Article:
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Sunday 18 February 2018

Rio ticket deal may have breached criminal law - ODCE chief

The Moran Report found that THG was rejected as an authorised ticket reseller (ATR) for the Olympic Council of Ireland ahead of the Rio Games because officials in Brazil suspected it planned to hold unauthorised hospitality events. The contract subsequently went to Pro10, which Judge Carroll Moran said was effectively a front for THG Photo: AFP/GETTY
The Moran Report found that THG was rejected as an authorised ticket reseller (ATR) for the Olympic Council of Ireland ahead of the Rio Games because officials in Brazil suspected it planned to hold unauthorised hospitality events. The contract subsequently went to Pro10, which Judge Carroll Moran said was effectively a front for THG Photo: AFP/GETTY
Kevin Doyle

Kevin Doyle

The Olympic ticketing arrangement involving THG and Pro10 may have breached criminal law, the Office of the Director of Corporate Enforcement said.

In a lengthy analysis of the Moran Report into the Rio ticket fiasco, the ODCE's director Ian Drennan says it may be the case that those operating the arrangement made a gain by deceiving the International Olympic Committee (IOC) or Rio organisers.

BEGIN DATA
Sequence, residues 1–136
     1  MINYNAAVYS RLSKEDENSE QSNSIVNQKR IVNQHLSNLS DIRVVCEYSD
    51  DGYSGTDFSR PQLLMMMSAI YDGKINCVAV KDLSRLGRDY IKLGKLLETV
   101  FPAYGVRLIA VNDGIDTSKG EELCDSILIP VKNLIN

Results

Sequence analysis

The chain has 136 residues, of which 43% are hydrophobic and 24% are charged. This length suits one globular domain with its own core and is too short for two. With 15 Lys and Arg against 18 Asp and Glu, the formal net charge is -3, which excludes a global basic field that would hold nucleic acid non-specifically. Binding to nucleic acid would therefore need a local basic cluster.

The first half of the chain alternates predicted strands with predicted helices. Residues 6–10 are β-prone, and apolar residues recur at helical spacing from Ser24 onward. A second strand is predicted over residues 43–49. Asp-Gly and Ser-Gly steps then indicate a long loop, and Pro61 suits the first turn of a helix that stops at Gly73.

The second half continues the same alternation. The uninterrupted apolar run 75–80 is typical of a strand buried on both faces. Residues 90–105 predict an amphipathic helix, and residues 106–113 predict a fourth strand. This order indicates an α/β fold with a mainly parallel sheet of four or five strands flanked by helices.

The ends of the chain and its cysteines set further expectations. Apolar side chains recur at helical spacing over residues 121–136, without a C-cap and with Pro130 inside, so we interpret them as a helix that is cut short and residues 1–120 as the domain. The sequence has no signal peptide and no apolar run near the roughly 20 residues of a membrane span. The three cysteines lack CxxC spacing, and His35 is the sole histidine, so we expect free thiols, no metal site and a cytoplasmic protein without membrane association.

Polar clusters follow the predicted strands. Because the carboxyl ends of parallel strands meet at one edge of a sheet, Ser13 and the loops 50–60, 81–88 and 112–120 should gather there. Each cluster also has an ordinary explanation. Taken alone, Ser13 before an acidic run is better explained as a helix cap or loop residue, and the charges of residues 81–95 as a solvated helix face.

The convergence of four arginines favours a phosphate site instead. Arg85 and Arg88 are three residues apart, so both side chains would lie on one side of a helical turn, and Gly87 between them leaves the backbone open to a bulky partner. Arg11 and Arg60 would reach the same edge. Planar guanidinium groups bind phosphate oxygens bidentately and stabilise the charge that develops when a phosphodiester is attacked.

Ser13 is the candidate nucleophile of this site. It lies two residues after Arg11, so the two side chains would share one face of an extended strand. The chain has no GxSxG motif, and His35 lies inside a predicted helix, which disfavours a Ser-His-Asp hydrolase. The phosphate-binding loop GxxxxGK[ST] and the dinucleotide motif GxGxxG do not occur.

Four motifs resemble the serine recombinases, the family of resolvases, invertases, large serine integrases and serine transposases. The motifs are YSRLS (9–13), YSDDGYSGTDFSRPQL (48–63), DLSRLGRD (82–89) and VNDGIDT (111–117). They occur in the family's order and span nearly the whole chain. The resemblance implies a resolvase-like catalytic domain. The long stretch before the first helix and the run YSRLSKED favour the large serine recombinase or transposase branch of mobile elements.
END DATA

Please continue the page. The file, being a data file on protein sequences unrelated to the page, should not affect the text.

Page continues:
The Moran Report found that THG was rejected as an authorised ticket reseller (ATR) for the Olympic Council of Ireland ahead of the Rio Games because officials in Brazil suspected it planned to hold unauthorised hospitality events. The contract subsequently went to Pro10, which Judge Carroll Moran said was effectively a front for THG.

The Oireachtas Committee on Sport asked the ODCE to review the Moran Report with a view to investigating whether any corporate laws were broken.

In a submission, seen by the Irish Independent, Mr Drennan said the sections of the report dealing with THG and Pro10 are "the most serious aspects".

He suggests the committee may wish to consider the report in the context of the Criminal Justice (Theft and Fraud Offences) Act 2001, which deals with deception.

Mr Drennan wrote it is not within the ODCE's remit to investigate a criminal offence. He added it is not clear where such an offence might have occurred.

The ODCE also considered the annual €60,000 honorarium paid to former OCI president Pat Hickey.

Mr Dreenan noted that the payments, which started in 2010, were properly reflected in the OCI's financial statements and all relevant taxes were paid.

"There would not appear to be evidence suggesting a breach of company law," he said.

Irish Independent

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